Human keratinocytes (KC), when cultured under conditions to remain undifferentiated or to terminally differentiate, changed their cellular distribution of CD1d. As studied by confocal microscopy, undifferentiated KC had a pool of cytoplasmic CD1d, whereas after terminal differentiation, this molecule localized in the cell membrane, which recapitulates CD1d expression in vivo. A comparison of undifferentiated and differentiated cultured KC did not reveal any differences in the association with β2-microglobulin, invariant chain of class II MHC, or patterns of glycosylation, suggesting that these biochemical properties are not regulating the cellular distribution of CD1d. Time-course studies of CD1d gene expression indicated that KC slowly increased gene expression with CaCl2-induced terminal differentiation. Increased CD1d gene expression was dependent on ceramide synthesis, because fumonisin B1, a ceramide synthetase inhibitor, blocked the increase in CD1d gene expression during terminal differentiation. Similarly, exogenous ceramide or the ceramidase inhibitor, B13, induced CD1d gene expression by undifferentiated, but not terminally differentiated, KC. A protein kinase C-ζ (PKC-ζ) inhibitor (a pseudosubstrate oligopeptide), but not a PKC-αβ inhibitor, significantly decreased CD1d gene expression by undifferentiated or ceramide-stimulated cultured, undifferentiated KC. As expected, downstream signaling events of PKC-ζ (JNK phosphorylation and NF-κB accumulation in the nucleus) were also attenuated. The calcineurin phosphatase inhibitor cyclosporine A, which blocks KC terminal differentiation, also blocked CD1d gene expression by cultured KC. In conclusion, this novel function of cellular ceramides extends the importance of this class of biologically active lipids beyond that of terminal differentiation and barrier function in normal human skin.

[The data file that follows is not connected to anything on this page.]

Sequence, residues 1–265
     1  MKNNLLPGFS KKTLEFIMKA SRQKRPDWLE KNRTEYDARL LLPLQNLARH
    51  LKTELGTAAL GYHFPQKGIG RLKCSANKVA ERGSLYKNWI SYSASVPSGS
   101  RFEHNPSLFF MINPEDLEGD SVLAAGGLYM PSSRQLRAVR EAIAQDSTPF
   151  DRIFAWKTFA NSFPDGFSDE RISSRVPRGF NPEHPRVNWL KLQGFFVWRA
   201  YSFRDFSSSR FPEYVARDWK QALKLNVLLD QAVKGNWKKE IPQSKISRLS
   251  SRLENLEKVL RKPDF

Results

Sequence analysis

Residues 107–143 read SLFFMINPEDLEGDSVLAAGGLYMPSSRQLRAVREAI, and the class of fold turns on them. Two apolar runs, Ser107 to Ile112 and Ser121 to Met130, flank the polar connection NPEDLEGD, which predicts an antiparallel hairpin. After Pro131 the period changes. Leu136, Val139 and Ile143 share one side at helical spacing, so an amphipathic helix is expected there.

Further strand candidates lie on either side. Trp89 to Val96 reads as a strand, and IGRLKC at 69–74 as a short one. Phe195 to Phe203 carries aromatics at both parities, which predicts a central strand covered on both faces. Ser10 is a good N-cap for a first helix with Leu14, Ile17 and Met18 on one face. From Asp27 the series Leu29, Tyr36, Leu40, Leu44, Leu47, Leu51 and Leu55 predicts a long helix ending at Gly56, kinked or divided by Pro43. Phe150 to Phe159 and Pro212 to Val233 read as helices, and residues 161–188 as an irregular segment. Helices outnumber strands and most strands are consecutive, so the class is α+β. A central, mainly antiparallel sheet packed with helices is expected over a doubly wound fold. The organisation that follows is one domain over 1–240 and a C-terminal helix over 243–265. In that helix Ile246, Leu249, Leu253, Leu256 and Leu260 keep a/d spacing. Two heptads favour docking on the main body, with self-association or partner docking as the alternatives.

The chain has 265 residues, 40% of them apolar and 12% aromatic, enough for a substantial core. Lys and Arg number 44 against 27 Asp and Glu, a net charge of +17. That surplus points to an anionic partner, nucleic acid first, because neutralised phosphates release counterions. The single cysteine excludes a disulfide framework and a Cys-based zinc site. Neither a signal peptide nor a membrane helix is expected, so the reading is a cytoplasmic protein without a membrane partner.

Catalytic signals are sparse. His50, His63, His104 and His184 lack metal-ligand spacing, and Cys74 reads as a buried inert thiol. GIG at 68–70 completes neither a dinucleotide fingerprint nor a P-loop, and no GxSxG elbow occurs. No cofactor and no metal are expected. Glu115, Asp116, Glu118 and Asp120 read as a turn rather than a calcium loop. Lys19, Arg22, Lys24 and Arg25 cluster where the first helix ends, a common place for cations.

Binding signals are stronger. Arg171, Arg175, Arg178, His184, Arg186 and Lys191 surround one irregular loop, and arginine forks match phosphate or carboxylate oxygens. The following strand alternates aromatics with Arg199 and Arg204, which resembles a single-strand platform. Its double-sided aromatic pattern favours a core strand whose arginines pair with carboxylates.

ASJC Scopus subject areas
- Immunology and Allergy